The Best American Science and Nature Writing 2008
Jerome Groopman, M.D., Guest Editor; Tim Folger, Series Editor
As was the job done in helping assemble this volume. I’ve been known to refer to myself as a failed engineer, which is true. But, seemingly in penance, I gravitated towards social science and went on, eventually, to 3 semesters of graduate school math. My point is, I have an inner nerd that I like to satisfy.
I also believe in acknowledging the obvious and that’s that too many social scientists have science envy. (Economists seem to have the worst case and also seem to believe that their role in the social science realm is akin to that of the physicists in the hard sciences. But, I digress.) That leads to overstatement and posturing and being all too easily dismissed by anyone with a bent towards the rigor and method of science. As in any other sphere, there’s good and bad and the trick is to make the distinction, not avoid the subject entirely.
Jerome Groopman, M.D. (which is what the cover of my edition screams) has not shirked that task. In fact, this might be the most social science friendly edition of this series that I’ve read to date. Out of this volume’s 24 selections, you can safely assign about 20% to fields I think of as being part of social science: physical anthropology (archeology if you must), linguistics, psychology. There’s room to argue with my contention but the fact remains that this volume is not limited to physics, chemistry, biology and the practical applications of them. Score one for the MD.
There’s plenty worth reading here. Like James Geary on a post-Cold War assassination carried out using a biological agent. Or Todd Pitock on the project of aligning science with Islamic teaching. Or Oliver Sacks on a hidden talent emerging after a shocking encounter with nature raw and wild. None of these pieces stints the tough stuff but they are lucid pieces of exposition that inform and entertain. That’s always a welcome trick in these parts.
The longest piece in the book, John Colapinto’s ‘The Interperter,’ which originally appeared in The New Yorker, is the one that really stood out for me. It’s a (typically) detailed profile of the linguist Dan Everett and his work with the Pirahá, a native people of the Amazon basin.
Linguistics is one of those fields that fascinates me; it’s probably due to the odd marriage of language and science. So I dabble when I can do it without getting a headache. (Complete aside: David Carkeet has written two novels, mysteries really, in which his hero is a linguist. They’re an easy, fun way to tiptoe into the subject.) So the manner of Everett’s entry into the field didn’t surprise me: he was a missionary.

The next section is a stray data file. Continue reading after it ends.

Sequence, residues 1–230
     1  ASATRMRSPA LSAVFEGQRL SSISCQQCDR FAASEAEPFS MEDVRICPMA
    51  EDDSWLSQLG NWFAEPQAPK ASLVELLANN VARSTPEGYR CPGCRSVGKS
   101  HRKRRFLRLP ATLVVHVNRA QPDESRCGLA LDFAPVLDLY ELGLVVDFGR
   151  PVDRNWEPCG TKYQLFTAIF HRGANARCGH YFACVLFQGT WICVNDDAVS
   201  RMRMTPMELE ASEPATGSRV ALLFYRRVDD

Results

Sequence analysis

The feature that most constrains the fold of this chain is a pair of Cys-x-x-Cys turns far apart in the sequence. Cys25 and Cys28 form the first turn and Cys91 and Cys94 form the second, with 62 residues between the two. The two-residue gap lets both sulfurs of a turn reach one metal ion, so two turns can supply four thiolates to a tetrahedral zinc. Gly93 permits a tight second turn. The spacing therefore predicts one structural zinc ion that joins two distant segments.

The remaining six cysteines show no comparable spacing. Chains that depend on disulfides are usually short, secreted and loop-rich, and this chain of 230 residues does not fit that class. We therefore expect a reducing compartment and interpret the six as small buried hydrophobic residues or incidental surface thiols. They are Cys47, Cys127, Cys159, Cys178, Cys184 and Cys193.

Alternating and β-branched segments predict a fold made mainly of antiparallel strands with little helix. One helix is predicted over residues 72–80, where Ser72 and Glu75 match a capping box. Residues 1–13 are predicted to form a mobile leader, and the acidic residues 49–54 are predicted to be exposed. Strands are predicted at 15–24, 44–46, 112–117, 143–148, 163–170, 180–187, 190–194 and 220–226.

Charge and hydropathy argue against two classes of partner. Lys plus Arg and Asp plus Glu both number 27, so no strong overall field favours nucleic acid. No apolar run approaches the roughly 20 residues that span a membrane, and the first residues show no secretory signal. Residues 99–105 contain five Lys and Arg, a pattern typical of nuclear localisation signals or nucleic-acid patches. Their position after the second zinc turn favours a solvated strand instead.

Yup, one of the great, wide-open secrets of the world is that a major linguistics and language center, SIL International (formerly the Summer Institute of Linguistics,) was formed to translate the Bible into the world’s less-widely spoken languages. Everett is just one of their graduates.
And what Everett has become known for (I suppose in the linguistics community it might be construed as being infamous for) is taking on Noam Chomsky. Arguably more widely known for his provocative views on the US government, it’s important to remember that Chomsky is a giant is his field. Anyone who has even a vague knowledge of the concept of universal grammar (U.G.) knows Chomsky’s work.
I’m not well-read enough in linguistics to know all the nuances of the debates around U.G. (Although the most amusing one is that Chomsky, the outspoken critic of American imperialism, is often accused of his own imperialism based on using limited data sets, i.e., a small, Euro-centric group of languages.) For U.G. to operate the same way a scientific theory does it has to be the best explanation for the observable facts.
So far so good. Then, enter the Pirahá. These folks have one of the world’s simpler languages, at least in the sense that it does away with the trouble of tenses. The Pirahá exist entirely and eternally in the present. They don’t speak about what has happened or what will happen and they don’t have a sense of history.
Everett’s conflict with Chomsky centers around a linguistic concept known as recursion. That’s basically the way of building sentences within sentences in a manner that’s infinitely creative and malleable. Forward in time, backward in time, both, recursion allows the form of written and spoken language to create deep meaning and fine nuance.
Everett says the Pirahá’s language is non-recursive. And that blows a hole in the whole U.G theory because, like a black swan, it only takes one exception to make a whole world view (that would be the universal part) incorrect. Adjectives are a bitch and this whole academic kerfuffle could arguably have been avoided if the linguists, Chomsky first and foremost, had spent a little more time with the dictionary.
And that’s just one tale. The whole volume is filled with stories that will expand your appreciation of science in the broadest sense.